Papua New Guinea is a rare and exotic cruise destination of misty mountains, smoking volcanoes, jungle drums, bare-breasted dancers and shy excited smiles from locals. A place where travellers not only connect with ancient tribal cultures, but also with compelling Australian wartime stories.
The beauty of the landscape and of the people with their big-hearted welcome is striking.
“The locals are very friendly and they want us to know their country,” says Sun Princess shore excursions manager Elena Lorini, an Italian who has worked on cruise ships all over the world since 2000.
“You have more interaction here with locals than a lot of other ports and they put in more effort. I find it amazing. The passengers love it here. It’s a completely different destination.”
On a recent cruise to PNG on the Sun Princess out of Brisbane, our 2000 passengers sail into fascinating ports in Rabaul, Alotau in Milne Bay and Kiriwina and Doini islands, where they venture ashore to interact with locals in a big way.
They paddle us out in canoes to snorkel spots, lead us on foot through villages and schools, dance in tribal costume, sing us heartfelt songs of welcome and tell us about their ancient culture of bride prices, betel nut, mu-mu food, yams and shell money.
Our guide in Rabaul describes how he survived the volcano eruption that devastated the town in 1994.
“We were watching an NRL game on TV when it happened,” George Diap says. “The TV was shaking and I was the youngest, so they made me hold the TV. We walked out of town after the game finished and the old people told us to go.”
Princess Cruises started cruising to PNG only three years ago, but a dozen more trips are scheduled this year and next.
Princess and P&O are the main cruise lines, but PNG is also attracting attention from others, such as Cunard and National Geographic, which sent their first ships in September.
Milne Bay Province, which takes in the Trobriand Island group and is now a cruise hub, will host an incredible 57 cruise port calls next year.
With all this new attention, it’s a good idea to get there before it changes.
Life is still simple on the islands, with an innocence and shyness among locals, and we found their sightseeing tours ashore rough and ready, but surprisingly good.
We visited the Rabaul war museum and cemetery, where 1036 World War I and World War II soldiers from Australia, New Zealand and other countries are buried.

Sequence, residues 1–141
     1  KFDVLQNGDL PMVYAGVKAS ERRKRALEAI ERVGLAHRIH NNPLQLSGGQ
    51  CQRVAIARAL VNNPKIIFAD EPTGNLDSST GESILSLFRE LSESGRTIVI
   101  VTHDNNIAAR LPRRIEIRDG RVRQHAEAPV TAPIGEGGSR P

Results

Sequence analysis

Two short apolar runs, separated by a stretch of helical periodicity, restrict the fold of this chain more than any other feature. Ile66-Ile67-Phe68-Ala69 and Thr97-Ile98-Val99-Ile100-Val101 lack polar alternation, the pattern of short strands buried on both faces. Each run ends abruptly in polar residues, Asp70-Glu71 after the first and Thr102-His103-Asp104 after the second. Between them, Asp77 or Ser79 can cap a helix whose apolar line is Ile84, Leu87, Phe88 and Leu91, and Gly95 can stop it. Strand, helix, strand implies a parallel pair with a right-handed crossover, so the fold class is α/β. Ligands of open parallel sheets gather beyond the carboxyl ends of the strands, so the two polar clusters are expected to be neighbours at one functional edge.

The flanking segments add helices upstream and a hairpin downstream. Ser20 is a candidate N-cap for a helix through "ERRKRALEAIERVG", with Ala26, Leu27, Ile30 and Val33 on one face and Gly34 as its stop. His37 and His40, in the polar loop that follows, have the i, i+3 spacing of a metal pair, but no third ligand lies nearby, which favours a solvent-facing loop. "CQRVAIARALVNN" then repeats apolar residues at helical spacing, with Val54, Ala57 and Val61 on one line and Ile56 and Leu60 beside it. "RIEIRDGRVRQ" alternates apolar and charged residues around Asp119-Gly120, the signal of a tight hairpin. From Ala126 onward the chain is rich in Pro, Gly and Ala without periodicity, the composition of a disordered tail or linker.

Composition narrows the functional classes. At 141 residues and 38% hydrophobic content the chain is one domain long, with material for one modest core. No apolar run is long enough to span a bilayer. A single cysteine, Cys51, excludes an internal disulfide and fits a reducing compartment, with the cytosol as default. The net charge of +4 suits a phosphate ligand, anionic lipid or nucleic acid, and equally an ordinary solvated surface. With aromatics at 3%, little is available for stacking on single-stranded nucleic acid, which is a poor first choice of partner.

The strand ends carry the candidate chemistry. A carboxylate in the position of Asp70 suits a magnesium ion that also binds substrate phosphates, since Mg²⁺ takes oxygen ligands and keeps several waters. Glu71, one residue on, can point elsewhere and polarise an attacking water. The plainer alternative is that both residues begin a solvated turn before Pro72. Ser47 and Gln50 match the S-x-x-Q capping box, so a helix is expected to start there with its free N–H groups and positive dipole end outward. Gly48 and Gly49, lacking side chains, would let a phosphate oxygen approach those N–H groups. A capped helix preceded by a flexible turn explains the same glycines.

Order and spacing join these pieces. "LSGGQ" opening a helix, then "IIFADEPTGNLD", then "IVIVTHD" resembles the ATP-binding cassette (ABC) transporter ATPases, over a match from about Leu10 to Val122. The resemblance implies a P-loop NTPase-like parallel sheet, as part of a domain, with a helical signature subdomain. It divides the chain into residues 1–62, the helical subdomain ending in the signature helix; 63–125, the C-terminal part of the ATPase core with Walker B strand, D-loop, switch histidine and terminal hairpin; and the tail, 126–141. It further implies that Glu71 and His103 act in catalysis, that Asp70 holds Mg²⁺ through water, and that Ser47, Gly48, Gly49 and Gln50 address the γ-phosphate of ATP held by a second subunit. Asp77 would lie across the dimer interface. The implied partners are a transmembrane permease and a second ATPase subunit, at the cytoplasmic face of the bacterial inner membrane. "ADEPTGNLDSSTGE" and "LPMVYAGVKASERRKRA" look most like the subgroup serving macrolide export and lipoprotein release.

For one of our passengers from Ballina, this was a personal and emotional pilgrimage as she found the name of a relative listed as missing in action from 1945.
She was able to pay tribute to her lost uncle Dick by writing in the memorial record book.
We also had on the ship two 94-year-old war veterans who had fought in PNG.
It seems a shame that most of us probably know more about the history of Pearl Harbour in Hawaii than that of PNG.
For my 78-year-old father and I, our trip on the Sun Princess was also a trip back in time, as we lived in Madang on the mainland northern coast from 1968 to 1972, where he worked in aviation – and we survived a 7.0 magnitude quake.
As we walk among the locals, I speak to them in broken Pidgin. “Papa bilong me,” I say and they smile. At the market, they offer Dad a walking stick to buy. Not yet, he replies and they laugh with a thumbs-up.
In Rabaul, Diap takes us to WWII Japanese war tunnels, to a volcano observatory and a ghostly site with a bubbling hot spring to view the black volcano that erupted in 1994, and is still smoking. He also tells us about shell money and how it costs 1000 kina ($484) to pay the bride price (paid by a groom or his family to the parents of the woman he is marrying), and how boys are initiated at age 15.
In Alotau, at a local high school of 800 children, a 15-year-old schoolgirl proudly shows me around and a school choir sings the PNG national anthem about being free. We see tribal dancing and choirs at a preview of the annual Alotau Festival held in November, which was special because last year marked 40 years since PNG independence.
PNG is still a traditional and religious country of 7.5 million people and 750 languages. Tribal culture is alive on Kiriwina Island in the Trobriands, yams are traded as currency and there are love huts for women to select partners. Locals with red mouths chew betel nut, there are cheeky funny children and market souvenirs for sale, including exotic wooden carvings, sarongs, string bags called bilums, shells and T-shirts.